Truckers, I said, are a patriotic lot. Nearly a third of OOIDA members are military veterans, and thousands of OOIDA members have signed up to participate in the First Observer transportation security program, administered by TSA. OOIDA is a subcontractor for First Observer, which allows truckers to report suspicious and potential criminal or terrorist behavior that doesn’t rise to the level of a 911 phone call.

But I asked whether late night or early morning truck searches without an explanation would go over with CDL holders.

Will VIPR be a burden for truckers?

“Typically it’s a painless program, but it does provide significant security benefit,” Minerly told me. Also, he said, the VIPR program will be explained to anyone who is searched as a result of a VIPR investigation.

They comply with DOT inspections, but OOIDA members don’t stand for troopers going through trashcans and asking inappropriate questions.

Some truck drivers have told TSA they appreciated VIPR searches and the program’s ability to help protect critical infrastructure. In fact, none have expressed negatives about the program.

Ask me whether I believe that, and I’m afraid I’d need to take a cue from VIPR.

“That’s classified,” I’d say.

Monday, March 21, 2011

Ice and snow removal? Horse apples!

I have been reading all the news about snow and ice removal on trucks. How long have the rocket scientists been going ‘round and ‘round on this issue?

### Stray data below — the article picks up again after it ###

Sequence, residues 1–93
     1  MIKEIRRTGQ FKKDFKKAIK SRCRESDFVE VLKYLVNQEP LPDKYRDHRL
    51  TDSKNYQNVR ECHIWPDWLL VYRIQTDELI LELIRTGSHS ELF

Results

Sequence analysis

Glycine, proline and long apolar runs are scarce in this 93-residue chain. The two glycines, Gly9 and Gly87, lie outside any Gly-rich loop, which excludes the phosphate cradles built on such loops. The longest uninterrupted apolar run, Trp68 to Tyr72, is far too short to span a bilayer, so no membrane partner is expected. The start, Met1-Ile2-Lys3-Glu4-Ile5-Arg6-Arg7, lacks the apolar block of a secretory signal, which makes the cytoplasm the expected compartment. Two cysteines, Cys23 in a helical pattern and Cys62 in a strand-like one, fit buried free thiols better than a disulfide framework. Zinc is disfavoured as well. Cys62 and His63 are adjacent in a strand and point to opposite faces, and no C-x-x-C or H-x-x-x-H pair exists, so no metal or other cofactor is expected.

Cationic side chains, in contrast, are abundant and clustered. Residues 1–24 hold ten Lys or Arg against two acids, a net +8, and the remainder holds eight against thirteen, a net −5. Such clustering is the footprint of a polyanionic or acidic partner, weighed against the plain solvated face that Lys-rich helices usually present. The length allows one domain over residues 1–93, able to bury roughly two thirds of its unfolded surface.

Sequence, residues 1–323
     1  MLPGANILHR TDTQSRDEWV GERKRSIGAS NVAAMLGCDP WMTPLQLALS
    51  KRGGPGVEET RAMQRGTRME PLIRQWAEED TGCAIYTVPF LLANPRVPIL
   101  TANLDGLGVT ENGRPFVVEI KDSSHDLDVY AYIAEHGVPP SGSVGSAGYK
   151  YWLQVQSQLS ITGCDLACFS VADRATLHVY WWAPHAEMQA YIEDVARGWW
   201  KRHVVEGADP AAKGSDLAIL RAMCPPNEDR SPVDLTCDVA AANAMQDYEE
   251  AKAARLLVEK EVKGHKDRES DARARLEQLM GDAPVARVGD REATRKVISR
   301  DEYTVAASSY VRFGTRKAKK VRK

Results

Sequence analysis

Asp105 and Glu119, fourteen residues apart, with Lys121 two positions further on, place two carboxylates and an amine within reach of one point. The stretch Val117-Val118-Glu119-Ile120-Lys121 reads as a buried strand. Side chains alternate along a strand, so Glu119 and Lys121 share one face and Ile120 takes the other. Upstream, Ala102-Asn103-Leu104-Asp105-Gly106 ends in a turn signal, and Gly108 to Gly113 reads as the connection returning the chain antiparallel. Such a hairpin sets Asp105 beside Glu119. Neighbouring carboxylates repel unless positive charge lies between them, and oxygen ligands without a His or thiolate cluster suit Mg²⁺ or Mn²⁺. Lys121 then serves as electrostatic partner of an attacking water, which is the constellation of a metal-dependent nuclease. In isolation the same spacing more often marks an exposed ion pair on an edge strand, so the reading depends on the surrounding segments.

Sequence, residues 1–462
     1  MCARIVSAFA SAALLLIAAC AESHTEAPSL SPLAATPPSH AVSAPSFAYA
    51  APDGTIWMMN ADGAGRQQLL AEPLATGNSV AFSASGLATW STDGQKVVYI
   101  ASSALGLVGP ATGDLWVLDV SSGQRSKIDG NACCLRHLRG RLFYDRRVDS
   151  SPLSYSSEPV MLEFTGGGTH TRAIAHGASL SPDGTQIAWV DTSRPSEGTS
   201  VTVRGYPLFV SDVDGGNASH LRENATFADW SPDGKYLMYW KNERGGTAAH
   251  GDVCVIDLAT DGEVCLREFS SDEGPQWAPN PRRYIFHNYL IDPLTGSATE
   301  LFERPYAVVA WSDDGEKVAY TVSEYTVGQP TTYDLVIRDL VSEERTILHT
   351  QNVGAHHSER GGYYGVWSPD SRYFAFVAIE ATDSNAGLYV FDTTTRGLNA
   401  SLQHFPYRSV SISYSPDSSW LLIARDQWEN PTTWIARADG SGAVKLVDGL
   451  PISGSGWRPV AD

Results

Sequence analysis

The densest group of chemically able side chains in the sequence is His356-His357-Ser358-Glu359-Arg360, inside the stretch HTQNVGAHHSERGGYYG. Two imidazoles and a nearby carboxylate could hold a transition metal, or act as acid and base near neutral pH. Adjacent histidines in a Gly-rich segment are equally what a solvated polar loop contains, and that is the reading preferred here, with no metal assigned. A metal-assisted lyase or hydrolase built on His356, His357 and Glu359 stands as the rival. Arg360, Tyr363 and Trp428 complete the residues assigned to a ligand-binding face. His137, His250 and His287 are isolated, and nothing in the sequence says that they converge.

Take a tank trailer, which has no slip ladders to access the hatch and has a grated metal catwalk along the top of the tank. A lot of newer tank trailers also have pop-up hand rails along the catwalk. Most of this loading, unloading takes place at shipper or consignee’s facility. Now this makes for a relatively safe environment, yet, a lot of shippers still require safety harnesses when climbing on a tank.

Compare that to a high cube trailer with absolutely no practical way to get on top. What if you poked a hole in the roof of a 53-foot 13.6 high van, fell and ended up on top of the freight? That wouldn’t be too good if you were empty … or if you were loaded with a foot-high layer of junk batteries.

What driver would pack a 16-foot ladder and a bottle gas snow blower anyway, and climb up there in icy conditions and clear off snow? If you found such a driver, he would also be a good candidate to haul Jack Daniels whiskey to Mexico with Jack Daniels logos on the side of trailer in EspaƱol.

There is no fit-all answer, it’s that simple.

Remember that flap over splash and spray? How to keep trucks from blinding the cars right behind them with all that splash and spray when roads are wet? Studies went on forever. The government spent a ton of money to find a solution only to be stuck in the “inconclusive” mode. They finally gave it up.

My suggestion is, in winter, just park every trailer at an airport and truckers could pick up their trailers there. If necessary the driver could get in line with the airliners to be de-iced. Another thought: We probably should stop every 30 minutes and knock accumulated snow/ice off landing gear and do a complete inspection of undercarriage. There might be buildup that could fall off and be run over by another vehicle.

I know this is ridiculous, but no more silly than the concept of mandating snow and ice removal in the first place. The driver’s responsibility? Horse apples!